I believe the best way to excite and engage students depends on the student. Some are driven by getting better, but for others I find it helps to relate the concept to everyday life. If all else fails, you can try to find out about what they like, and use that as a frame for how to approach the subject they are struggling with
What techniques would you use to be sure that a student understands the material?
My favorite technique is to give students similar problems with twists. This lets me gauge that they understand not just the how but the why, which is my measure of success. Even if the student struggles with the problem with a twist, we at least know they fully understand the topic that we were working on and why it doesn't apply.
How do you evaluate a student's needs?
This has to be done from minute one with the student. The best thing you can do is just talk to them. You learn personality, learning styles, strengths and weaknesses in a simple conversation about how they are doing and what they want to get out of our time together. Reviewing past tests and or testing a few concepts also helps.
How do you adapt your tutoring to the student's needs?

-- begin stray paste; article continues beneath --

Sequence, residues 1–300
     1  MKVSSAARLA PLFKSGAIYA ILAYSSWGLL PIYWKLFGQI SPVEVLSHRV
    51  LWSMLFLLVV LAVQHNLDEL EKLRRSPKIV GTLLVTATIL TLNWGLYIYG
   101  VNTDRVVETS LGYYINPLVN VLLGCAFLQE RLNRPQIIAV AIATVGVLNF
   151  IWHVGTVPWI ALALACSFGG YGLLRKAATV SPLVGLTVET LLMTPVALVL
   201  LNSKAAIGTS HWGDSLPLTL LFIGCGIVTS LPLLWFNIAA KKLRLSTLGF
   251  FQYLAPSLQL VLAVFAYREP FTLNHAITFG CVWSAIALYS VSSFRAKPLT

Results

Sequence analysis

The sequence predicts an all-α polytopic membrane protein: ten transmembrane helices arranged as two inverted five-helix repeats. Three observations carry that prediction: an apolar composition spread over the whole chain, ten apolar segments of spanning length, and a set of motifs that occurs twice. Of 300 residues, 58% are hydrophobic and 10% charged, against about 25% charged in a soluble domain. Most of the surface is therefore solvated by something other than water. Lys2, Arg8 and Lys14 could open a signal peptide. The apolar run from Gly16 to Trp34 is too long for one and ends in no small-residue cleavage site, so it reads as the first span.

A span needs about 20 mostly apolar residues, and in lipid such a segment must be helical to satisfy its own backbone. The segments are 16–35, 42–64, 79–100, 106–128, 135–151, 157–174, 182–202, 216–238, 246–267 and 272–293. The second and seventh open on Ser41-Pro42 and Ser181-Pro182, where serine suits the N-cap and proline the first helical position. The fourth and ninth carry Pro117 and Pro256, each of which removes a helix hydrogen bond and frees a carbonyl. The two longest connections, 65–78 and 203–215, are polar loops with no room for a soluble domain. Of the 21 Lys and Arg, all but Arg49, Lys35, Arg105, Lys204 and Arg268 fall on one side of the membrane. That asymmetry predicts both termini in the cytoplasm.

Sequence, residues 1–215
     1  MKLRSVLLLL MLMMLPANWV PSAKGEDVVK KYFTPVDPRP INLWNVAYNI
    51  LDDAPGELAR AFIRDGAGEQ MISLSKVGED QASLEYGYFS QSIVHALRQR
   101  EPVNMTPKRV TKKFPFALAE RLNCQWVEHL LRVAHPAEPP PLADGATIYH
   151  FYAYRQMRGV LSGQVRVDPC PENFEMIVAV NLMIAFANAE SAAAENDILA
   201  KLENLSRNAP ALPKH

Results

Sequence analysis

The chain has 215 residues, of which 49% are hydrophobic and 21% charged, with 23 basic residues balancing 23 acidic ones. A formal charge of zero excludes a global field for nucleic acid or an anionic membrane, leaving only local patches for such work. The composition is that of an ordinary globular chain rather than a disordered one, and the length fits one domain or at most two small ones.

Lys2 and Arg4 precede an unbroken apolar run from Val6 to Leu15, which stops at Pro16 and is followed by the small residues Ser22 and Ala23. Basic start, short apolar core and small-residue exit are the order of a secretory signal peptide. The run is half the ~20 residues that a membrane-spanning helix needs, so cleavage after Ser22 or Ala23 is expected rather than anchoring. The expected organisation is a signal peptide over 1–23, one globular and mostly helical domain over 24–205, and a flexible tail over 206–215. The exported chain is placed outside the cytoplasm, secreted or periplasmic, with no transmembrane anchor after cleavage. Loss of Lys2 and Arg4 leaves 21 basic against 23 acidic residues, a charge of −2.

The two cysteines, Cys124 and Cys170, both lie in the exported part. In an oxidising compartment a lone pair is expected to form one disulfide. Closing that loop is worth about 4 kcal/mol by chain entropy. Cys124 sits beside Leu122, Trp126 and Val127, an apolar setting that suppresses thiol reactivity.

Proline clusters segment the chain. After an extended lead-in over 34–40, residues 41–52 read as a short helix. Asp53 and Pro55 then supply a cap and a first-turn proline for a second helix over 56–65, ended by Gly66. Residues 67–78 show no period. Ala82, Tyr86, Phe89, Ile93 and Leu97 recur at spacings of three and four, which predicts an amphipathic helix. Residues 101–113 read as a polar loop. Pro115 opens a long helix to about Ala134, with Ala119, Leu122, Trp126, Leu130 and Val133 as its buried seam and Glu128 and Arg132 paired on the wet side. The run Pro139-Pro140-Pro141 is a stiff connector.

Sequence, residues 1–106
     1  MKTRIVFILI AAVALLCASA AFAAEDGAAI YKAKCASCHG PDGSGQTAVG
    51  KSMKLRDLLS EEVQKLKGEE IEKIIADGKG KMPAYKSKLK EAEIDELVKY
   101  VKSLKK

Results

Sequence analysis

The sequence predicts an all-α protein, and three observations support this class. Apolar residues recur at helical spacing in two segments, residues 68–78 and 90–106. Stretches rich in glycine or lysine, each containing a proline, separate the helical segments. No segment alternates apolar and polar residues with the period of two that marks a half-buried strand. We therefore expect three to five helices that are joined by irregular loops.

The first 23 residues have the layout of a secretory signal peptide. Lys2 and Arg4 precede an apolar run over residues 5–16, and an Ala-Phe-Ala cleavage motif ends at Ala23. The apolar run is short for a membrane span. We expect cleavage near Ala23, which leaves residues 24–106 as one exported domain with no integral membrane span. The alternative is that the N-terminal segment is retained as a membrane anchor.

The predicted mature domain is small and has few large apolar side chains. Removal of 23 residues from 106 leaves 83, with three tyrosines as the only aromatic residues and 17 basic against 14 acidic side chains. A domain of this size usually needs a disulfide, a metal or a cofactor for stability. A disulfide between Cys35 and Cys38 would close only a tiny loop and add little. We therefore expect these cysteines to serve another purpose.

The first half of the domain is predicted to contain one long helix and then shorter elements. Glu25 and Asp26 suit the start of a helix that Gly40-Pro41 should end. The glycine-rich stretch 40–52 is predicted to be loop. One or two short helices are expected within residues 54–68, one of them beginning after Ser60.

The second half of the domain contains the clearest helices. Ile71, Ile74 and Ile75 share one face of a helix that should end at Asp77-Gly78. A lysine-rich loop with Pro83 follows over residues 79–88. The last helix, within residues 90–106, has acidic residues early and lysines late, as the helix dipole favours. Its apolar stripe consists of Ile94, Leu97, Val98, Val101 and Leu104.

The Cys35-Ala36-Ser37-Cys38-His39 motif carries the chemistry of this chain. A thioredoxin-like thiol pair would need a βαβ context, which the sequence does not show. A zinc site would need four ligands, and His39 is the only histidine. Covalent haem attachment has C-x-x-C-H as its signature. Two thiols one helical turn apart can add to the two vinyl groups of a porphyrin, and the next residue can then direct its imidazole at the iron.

I always strive to be exactly what the student needs. The way I learn, the things I like to teach and pedagogy are all irreverent if they don't work for the student. I strive to know my students in a way where I can anticipate their learning style. However, as I have said all the time, my teaching still has its bedrock in learning the 'why' of concepts.
What types of materials do you typically use during a tutoring session?
I prefer to use the student's materials when possible. If they have problem sets or old exams, that is a great place to start. I believe in bringing real world examples in as well. I believe that everyone benefits from multiple teaching techniques, so I always use a combination of letting a student struggle through a concept, working it together, visual learning, auditory learning and reverse teaching. I balance that portfolio of techniques based on the student.
How do you build a student's confidence in a subject?
You teach them the 'why,' the philosophy of the subject. It is difficult and overwhelming to memorize a bunch of scenarios. However, most of the time, entire sets of ideas are rooted in a simple philosophy. When students find that 'why' they begin to feel they understand, and they excel.